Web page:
Thank you to the willing readers and discussants who came to the kick-off for one of our summer reading groups – The Emancipated Spectator. Over the summer, I will be leading casual discussions around readings that inform or were inspired by our current exhibition The Talent Show. Check out what we’ll be talking about in July.
For the first session we took a look at two essays by Claire Bishop, the go-to scholar on artistic practices that incorporate participation. Her introduction to the volume “Participation” — “Viewers as Producers” — offers a concise trace of these practices since the early 20th century. Some of our group’s discussion focused on the “politics of participation” as Bishop outlines, how we saw that evidenced by works in The Talent Show and how such considerations bump up against practices not covered by the exhibition, in particular the realm of art and social practice.
The second essay — “Outsourcing Authenticity?: Delegated Performance in Contemporary Art” — was equally thought provoking, Here, Bishop ranges far in addressing notions of authorship and authenticity, objectivity and subjectivity, and the ethics involved when artists hire or otherwise request (or even cajole) others to be surrogates, props, or “actors” in performance-oriented work. I thought this would be an interesting read because the The Talent Show has had me thinking deeply about the ethics of participation, of being “on stage,” whether willingly or unwittingly. What results when an artist puts another person on stage vs. when the artist himself or herself takes the stage? What happens when we are “on stage” and we don’t even know it?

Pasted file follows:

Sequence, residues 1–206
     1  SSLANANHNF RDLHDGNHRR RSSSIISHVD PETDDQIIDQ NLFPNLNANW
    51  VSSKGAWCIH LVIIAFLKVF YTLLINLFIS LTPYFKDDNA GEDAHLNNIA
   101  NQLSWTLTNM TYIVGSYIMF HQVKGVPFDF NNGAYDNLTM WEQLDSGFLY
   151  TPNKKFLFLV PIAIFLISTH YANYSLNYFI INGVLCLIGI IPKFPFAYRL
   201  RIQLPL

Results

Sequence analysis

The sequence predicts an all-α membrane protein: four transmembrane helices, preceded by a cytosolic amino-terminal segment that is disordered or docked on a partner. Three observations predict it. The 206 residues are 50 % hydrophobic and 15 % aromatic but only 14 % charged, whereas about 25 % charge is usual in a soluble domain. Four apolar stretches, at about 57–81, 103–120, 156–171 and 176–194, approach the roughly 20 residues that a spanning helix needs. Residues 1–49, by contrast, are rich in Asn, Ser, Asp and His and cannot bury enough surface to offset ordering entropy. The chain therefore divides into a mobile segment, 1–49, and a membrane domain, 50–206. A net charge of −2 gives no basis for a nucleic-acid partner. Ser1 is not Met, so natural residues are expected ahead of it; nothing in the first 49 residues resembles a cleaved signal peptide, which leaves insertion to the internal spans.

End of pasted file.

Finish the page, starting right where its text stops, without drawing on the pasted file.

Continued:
These two selections acted as a launch pad for a great group discussion that ventured through the exhibition and its ideas. But, even better, we found ourselves sharing thoughts on more artists and more essays to consider in light of the topics they brought up. I appreciate the opportunity for exchange! And I hope you will consider joining us at our next session July 21.